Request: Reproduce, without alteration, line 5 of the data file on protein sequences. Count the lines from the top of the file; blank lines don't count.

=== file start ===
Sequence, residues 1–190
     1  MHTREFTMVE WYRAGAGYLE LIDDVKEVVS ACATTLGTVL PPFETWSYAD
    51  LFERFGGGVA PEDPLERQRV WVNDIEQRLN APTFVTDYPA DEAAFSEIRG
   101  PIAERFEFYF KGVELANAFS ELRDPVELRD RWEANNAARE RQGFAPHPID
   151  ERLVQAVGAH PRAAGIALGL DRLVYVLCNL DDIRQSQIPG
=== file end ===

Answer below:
   151  ERLVQAVGAH PRAAGIALGL DRLVYVLCNL DDIRQSQIPG